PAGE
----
Poetry and Blindness

This is not something I write about often, but blindness does affect my experience of poetry, both how I write and how I read the work of other poets.

As a writer I actually find other people’s disabilities and struggles far more interesting to write about, perhaps because with a background studying chemistry, I relish the task of finding out the nitty-gritty behind-the-scenes mechanics of different diseases. I am the first person to say that no two people experience disabilities the same way, and the things that I find affecting my writing as a blind poet are things that other blind poets find no trouble at all, and things I find easy and manageable might cause somebody else a lot of stress.

Talking of blind poets, I asked my friend Google to tell me all about the contemporary blind poets it knew about. When I say ‘contemporary’ I tend to assume that they will preferably be still living. Google helpfully responded with two answers — Homer and Milton. A little more rummaging round revealed a few very much alive poets, but only five have emerged so far, some from books I’ve bought and others from poetry friends who know them. Within the umbrella of blindness I include any significant visual impairment that affects how a poet “sees” the world or interacts with it.

My barriers start with how I’m going to read a book. Amazon’s Kindle has varying levels of accessibility, from none to not very much. I use a computer screen reader, which reads out any text such as emails, Word documents, Facebook posts, Twitter Tweets and so on. Some publishers do produce PDF eBook versions of their poetry books and that is my preferred medium. My screen reader (I use the free Open Source program NVDA) can read from top to bottom of a page, or line by line, word by word and character by character, depending on what you are focusing on when you are reading.

Have your writing tutors, colleagues and mentors urged you to read your work aloud? Mine have. I’m a blind guy with a lousy memory! I don’t find it easy to write or edit on the hoof, leaving me tied to the laptop (notebooks and pens are not a lot of help in the blind world). As I finish typing each word the screen reader reads it out so I can hear if I’ve mistyped something. So the one voice I hear reading my poems, 99 percent of the time, is my screen reader. Think of Stephen Hawking reading your poems for you … I admire Stephen Hawking tremendously on all counts, but I think his electronic voice would drive me nuts before long! The voices on my screen reader are quite a lot more human sounding, with responsive male and female voices to choose from. Most of my electronic devices talk to me, but the one thing I have yet to find is a talking dictionary/thesaurus.

Do you often find yourself writing about things that you have caught out of the corner of your eye? I used to. The biggest concern I have now that I am a blind poet is that the things I become aware of are generally things that somebody else has already seen — maybe a friend has spotted something they think I’d like to be told about, or maybe it is something that a local or national newspaper has decided merits attention. For me that is why I continue to read books from all genres of writing, and why I pay close attention to the developments in technology and science, particularly the things I am not going to visually see for myself.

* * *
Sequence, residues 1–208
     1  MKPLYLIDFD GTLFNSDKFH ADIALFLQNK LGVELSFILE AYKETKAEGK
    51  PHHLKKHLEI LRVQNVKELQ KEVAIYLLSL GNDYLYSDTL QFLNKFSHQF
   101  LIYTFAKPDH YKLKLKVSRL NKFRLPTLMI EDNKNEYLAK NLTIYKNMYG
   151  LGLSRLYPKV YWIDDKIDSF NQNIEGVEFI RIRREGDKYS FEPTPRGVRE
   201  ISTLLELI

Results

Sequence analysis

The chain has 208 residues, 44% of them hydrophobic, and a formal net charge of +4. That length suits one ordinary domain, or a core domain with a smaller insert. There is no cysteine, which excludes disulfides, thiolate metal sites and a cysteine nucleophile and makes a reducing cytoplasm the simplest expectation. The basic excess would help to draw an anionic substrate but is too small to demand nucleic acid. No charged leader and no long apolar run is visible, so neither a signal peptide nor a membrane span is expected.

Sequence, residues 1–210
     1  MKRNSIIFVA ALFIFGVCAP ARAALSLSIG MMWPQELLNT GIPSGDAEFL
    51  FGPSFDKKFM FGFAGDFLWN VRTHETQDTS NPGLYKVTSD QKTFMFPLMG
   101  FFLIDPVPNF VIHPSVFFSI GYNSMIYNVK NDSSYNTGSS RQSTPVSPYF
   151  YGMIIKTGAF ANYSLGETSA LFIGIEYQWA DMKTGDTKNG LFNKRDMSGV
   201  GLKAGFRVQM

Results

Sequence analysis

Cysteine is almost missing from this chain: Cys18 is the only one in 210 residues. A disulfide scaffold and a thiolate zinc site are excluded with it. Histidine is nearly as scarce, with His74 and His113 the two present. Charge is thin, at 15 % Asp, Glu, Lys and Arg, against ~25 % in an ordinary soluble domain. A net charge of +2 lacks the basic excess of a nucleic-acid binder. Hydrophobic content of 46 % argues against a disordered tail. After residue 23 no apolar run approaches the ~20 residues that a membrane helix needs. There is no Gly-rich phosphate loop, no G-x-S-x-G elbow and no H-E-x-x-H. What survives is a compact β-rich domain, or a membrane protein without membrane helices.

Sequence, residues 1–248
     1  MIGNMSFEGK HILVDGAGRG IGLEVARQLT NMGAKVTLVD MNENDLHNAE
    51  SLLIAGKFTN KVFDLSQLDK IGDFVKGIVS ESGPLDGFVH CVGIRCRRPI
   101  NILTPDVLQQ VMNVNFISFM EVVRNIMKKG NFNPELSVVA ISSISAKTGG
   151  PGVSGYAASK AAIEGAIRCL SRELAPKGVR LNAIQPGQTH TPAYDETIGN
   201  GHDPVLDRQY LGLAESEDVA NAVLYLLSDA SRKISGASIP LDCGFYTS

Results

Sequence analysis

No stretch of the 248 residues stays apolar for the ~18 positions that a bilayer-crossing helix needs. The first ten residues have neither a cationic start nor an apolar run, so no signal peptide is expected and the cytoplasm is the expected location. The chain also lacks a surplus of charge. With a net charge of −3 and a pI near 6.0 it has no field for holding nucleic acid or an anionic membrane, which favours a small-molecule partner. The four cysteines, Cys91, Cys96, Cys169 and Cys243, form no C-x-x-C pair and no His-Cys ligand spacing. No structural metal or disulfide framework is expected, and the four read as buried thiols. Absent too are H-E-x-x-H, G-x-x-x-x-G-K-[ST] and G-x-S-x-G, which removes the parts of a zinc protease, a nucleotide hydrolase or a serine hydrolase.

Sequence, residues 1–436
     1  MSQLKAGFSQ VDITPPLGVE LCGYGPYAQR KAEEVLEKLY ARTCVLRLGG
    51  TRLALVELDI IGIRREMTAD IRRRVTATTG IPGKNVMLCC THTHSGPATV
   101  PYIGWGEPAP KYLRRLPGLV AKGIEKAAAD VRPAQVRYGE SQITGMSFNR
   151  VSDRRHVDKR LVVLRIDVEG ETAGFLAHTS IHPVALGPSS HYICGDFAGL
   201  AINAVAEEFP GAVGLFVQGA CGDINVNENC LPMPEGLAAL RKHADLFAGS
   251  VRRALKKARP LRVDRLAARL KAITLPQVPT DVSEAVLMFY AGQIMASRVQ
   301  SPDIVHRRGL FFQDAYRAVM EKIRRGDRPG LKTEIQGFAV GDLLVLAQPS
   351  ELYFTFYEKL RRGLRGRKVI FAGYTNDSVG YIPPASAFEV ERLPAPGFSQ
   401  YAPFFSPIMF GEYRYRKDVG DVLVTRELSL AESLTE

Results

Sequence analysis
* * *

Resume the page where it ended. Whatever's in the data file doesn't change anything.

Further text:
In 2014 the Welsh organisation Disability Arts Cymru held a competition for disabled artists; in 2015 they held a competition for poems inspired by the artworks. Other health reasons prevented me from entering that competition, but I have since written poems inspired by the titles of two of the artworks – Blue Ballet Slippers by Rosie Moriarty-Simmonds became my poem Tomorrow’s Dancers and Study in Red by Lucy Chaplin became my poem of the same name, which relates my history of diabetes and blindness and kidney failure.

Study in Red

After the painting ‘Study in Red’
by profoundly deaf painter Lucy Chaplin

(image detail courtesy of Disability Arts Cymru).

I dress in scarlet
don’t walk on me like Axminster
hallway carpets.

Smile at me at night
dear shepherd.

Circulating and mingling
into every corner
cut me and I bleed.

Stab me and I know
four times daily
how many millimoles1
are blindly running
through my veins
before tapping their way
out through the replacement kidney.

I blush
ashamed of a lack of resolve
that wouldn’t let go
of the red velvet cake.
though I had long ago seen
the shepherd’s warning.

1 Blood sugar levels, measured from daily finger prick blood tests, are measured in units of millimoles per litre. The hormone insulin keeps a blood sugar level in the range 4.0 to 8.0, with levels increasing after the consumption of sugary foods, and decreasing with exercise.

Giles L. Turnbull is a blind poet living in South Wales. With a Bachelor of Science degree in chemistry, and a career that has included national and local Government policy and transportation planning, and a love of music that includes playing the piano and trumpet, he finds every angle of life to be fascinating and beautiful, finding a home for it in his poetry.

Profoundly deaf artist Lucy Chaplin’s degree focused on woods, metals, and plastics product designs. Lucy said, “There are no barriers with visual art, in comparison to the real world with communication barriers which make it very hard for a deaf individual in a hearing world. It is so easy to express emotions and moods on a canvas through colour, accuracy, shapes and lines. it gives me a sense of freedom.”



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